Environment in emerging and transition economies

Regional expert meeting: Economic instruments for greener products in Eastern Partnership countries


Promoting green growth requires well-designed institutions and environmental policy instruments that are effective in achieving their environmental objectives without imposing excessive burdens on the economy. Economic instruments such as environmentally related taxes can be effective in stimulating a shift to less-damaging forms of production and consumption while providing producers and consumers with flexibility in making these adjustments. Behavioural changes stimulated by economic instruments may lead to the creation of new jobs and employment opportunities.
Where economic instruments generate revenues, the appropriate deployment of these revenues can also make a significant contribution to enhancing incomes and growth.

All EaP countries (Armenia, Azerbaijan, Belarus, Georgia, Moldova and Ukraine) are interested in expanding the use of product-related economic instruments, particularly taxes on environmentally harmful products (currently in place in Armenia and Moldova) and extended producer responsibility (now being introduced in Belarus, Moldova and Ukraine).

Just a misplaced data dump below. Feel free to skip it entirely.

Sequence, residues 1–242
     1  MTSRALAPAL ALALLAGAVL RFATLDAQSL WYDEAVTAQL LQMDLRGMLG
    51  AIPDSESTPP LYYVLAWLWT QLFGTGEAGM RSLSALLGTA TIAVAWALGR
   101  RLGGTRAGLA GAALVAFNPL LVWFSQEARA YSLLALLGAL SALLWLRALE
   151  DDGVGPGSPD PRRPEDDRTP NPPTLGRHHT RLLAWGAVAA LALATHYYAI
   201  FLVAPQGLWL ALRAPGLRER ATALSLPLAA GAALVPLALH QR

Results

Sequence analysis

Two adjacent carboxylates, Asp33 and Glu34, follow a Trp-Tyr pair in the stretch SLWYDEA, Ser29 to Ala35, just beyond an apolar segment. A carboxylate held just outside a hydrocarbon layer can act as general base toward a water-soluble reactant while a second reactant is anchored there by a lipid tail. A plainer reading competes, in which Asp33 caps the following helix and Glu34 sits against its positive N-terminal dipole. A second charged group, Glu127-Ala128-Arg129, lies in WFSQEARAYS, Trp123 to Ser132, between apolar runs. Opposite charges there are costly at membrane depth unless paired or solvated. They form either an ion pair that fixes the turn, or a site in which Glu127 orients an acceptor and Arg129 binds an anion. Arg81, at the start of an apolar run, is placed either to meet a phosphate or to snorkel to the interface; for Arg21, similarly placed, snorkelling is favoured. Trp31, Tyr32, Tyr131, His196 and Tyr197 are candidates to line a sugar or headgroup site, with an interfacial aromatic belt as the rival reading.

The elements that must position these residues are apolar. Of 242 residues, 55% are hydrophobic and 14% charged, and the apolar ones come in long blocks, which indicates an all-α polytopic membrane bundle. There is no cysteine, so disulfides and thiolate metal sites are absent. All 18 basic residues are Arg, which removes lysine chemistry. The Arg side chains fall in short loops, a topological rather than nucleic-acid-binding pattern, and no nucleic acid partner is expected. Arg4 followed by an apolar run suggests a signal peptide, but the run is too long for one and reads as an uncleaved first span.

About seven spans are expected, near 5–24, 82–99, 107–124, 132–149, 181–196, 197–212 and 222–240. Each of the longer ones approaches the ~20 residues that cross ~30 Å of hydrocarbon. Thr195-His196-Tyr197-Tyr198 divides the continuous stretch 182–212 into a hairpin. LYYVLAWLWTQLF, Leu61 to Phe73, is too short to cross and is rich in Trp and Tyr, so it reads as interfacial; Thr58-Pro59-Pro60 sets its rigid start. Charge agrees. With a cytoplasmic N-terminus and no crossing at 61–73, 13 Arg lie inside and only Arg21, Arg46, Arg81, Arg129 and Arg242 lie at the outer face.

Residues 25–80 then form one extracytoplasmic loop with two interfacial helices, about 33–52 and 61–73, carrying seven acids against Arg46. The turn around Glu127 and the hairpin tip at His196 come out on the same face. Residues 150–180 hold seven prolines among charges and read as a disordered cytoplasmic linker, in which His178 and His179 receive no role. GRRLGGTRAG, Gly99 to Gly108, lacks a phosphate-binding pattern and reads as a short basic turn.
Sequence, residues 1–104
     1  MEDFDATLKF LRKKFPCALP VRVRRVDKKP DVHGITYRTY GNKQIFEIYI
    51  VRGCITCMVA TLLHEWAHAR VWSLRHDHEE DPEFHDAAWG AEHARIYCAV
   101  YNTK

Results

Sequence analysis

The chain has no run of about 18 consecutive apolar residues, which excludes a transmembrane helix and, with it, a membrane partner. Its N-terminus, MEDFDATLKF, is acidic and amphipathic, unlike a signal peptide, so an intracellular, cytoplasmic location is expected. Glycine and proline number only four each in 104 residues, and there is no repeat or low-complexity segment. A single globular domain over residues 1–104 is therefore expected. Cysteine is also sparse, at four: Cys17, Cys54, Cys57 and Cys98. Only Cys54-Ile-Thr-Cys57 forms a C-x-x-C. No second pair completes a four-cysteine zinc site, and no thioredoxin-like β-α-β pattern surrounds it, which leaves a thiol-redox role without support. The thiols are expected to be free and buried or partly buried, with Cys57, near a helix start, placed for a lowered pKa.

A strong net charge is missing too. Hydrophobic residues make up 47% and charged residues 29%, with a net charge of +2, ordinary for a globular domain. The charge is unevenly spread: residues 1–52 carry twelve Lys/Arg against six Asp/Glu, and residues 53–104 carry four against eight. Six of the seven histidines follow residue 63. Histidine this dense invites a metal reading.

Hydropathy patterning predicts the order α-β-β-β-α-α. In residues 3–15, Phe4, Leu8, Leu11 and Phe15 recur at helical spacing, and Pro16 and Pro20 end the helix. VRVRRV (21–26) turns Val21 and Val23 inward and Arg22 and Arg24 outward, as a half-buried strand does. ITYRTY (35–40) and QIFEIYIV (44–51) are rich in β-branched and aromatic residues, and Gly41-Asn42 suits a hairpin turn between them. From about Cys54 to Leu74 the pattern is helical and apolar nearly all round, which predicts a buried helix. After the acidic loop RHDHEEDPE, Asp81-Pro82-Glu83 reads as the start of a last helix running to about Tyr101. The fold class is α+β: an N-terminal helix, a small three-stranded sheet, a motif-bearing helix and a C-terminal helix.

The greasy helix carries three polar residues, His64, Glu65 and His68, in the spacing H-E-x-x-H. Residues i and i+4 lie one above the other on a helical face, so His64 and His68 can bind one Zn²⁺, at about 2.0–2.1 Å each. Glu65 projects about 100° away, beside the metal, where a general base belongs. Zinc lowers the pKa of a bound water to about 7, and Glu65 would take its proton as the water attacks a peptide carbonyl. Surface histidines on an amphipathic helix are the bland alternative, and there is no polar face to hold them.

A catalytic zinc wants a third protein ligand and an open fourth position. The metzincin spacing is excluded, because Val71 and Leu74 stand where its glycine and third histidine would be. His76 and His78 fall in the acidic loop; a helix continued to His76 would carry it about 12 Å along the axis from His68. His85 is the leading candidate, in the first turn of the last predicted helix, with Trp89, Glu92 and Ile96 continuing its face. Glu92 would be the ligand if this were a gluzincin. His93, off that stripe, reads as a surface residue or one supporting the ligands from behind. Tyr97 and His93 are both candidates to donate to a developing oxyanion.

In this context, a workshop on "Economic instruments for greener products in Eastern Partnership countries" was held in Paris on 6-7 March 2014 in the OECD Conference Centre.

The main objectives of this expert meeting were: 

  • To present and discuss the draft Policy Manual on “Creating Market Incentives for Greener Products” prepared by the OECD secretariat. The Policy Manual aims to support the European Union’s Eastern Partnership (EaP) countries to design and/or reform economic instruments related to environmentally harmful products; and

  • To exchange experiences among international experts and stakeholders from the Eastern Partnership countries with regard to the design and implementation of four categories of product-related economic instruments: product taxes, environmental tax differentiation, deposit-refund systems and extended producer responsibility (EPR). 

The meeting brought together representatives of the EaP countries’ ministries of environment and economy and OECD/EU country experts. It was organised in the framework of the “Greening Economies in the Eastern Neighbourhood” (EaP GREEN) Programme which is financially supported by the European Union and implemented by the OECD in partnership with UNEP, UNIDO and UNECE. 

  • Presentations: All meeting documentation is available for consultation on slideshare under eap green